Having trouble getting your prints to stick even after manually leveling the build plate? Would you like to print on top of an existing object? Try using Z offset to adjust where your 3D printer starts printing.

For many 3D printing enthusiasts, getting the perfect initial layer dictates the quality of the resulting print. Z offset distance offers a method to ensure first layer perfection. Z offset is the distance between the hot end and the Z home position on 3D printers. Ideally, this would match the distance between the hot end and the print bed, as well. However, differences in limit switch position, homing probes, and manual bed leveling complicate this issue. The most common reason for adjusting the Z offset is to allow for the addition of a glass or thick bed material. Other reasons are listed below:

There are two methods of adjusting the Z offset. One method involves altering the G-code and the other directly inputting the offset in a slicer. Here we’ll explain both methods.

The key to adjusting Z offset using G-code is to home the printer first. This G-code will home the printer to the limit stop of the printer.

In this case, the printer has set the current position (home position) to be Z = 0.1 mm. This will create a -0.1-mm offset in reality. The result is that any movement command after this will be lowered by 0.1 mm in the Z-axis. To raise the nozzle to print on a surface, you’ll want to use negative values of Z offset (Z-0.1). This will shift the head up (0.1 mm).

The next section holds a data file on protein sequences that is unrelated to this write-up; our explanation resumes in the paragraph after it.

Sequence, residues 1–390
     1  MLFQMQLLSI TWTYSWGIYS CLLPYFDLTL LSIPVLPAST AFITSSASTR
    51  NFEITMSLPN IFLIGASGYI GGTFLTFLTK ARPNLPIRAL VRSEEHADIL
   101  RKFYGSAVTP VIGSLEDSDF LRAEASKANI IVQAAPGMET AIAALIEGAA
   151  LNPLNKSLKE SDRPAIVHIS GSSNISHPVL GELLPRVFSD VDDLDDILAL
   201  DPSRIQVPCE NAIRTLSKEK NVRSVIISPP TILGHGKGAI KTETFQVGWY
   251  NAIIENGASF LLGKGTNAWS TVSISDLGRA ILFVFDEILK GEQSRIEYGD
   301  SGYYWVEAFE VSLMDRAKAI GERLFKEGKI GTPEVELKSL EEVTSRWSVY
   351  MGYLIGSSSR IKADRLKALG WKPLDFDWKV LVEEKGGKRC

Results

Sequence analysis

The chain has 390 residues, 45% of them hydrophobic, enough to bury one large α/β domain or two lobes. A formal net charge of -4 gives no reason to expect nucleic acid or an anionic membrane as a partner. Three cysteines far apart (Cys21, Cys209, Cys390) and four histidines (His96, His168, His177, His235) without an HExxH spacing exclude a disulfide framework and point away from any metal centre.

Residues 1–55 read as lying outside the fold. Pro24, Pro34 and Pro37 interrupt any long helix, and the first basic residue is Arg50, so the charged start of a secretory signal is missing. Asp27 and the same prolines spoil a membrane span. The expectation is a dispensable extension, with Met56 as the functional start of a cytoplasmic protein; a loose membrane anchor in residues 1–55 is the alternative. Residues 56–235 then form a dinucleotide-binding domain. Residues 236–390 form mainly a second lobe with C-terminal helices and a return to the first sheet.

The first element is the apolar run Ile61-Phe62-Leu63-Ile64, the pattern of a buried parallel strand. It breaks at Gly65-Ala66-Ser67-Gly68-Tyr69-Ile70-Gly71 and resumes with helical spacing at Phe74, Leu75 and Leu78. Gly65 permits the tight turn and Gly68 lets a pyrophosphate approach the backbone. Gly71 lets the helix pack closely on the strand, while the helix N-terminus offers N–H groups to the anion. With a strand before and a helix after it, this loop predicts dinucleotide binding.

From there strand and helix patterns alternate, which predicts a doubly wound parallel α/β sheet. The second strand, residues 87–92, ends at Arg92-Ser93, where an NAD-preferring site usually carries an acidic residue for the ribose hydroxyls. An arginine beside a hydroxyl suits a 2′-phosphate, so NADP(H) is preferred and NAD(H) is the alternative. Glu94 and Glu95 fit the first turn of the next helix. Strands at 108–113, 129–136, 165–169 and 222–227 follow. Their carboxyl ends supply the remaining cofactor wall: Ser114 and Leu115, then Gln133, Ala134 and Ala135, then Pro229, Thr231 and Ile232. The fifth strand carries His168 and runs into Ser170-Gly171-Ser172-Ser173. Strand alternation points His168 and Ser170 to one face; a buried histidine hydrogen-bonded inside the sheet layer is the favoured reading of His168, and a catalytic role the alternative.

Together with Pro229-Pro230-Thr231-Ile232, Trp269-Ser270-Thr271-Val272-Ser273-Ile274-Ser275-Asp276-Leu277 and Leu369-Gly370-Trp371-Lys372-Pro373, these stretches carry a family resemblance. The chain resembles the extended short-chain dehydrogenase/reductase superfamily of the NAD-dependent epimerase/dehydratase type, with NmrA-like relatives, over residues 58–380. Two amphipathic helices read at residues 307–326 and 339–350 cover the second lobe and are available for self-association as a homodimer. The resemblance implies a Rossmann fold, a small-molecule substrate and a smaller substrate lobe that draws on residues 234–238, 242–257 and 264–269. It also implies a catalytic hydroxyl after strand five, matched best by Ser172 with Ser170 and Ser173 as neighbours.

Adjusting the Z offset using the slicer can be much easier than doing it manually in G-code. The exact location of this feature will depend on the slicer you are using, but here we walk you through the steps for the commonly used Cura.

In Cura 4.0.0, go to the marketplace by clicking on the icon in the upper right-hand corner of the screen. This will bring up a box of downloadable plugins that can be used in Cura. Navigate to the bottom of the list and click on the icon called “Z offset setting”. Once installed, you can access the setting under the “Build plate adhesion” dropdown box to set the amount of offset.

First, problems can occur when inputting a Z offset that cause the printhead to hit the limit switch. The limit switch will prevent the offset from occurring as it overrides any written G-code. Secondly, problems can also occur if you are trying to print on a significantly uneven object. You need to remember that the printhead may run into the object as it travels to start 3D printing the first layer. This can be overcome with additional G-code. However, it will have to be specific to the object being printed on.

Overall, adjusting the Z offset is an easy process that will improve the types of things you can make. Using this guide, you’ll reach new heights in no time!

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License: The text of "Z Offset (3D Printing) – How to Adjust It" by All3DP is licensed under a Creative Commons Attribution 4.0 International License.

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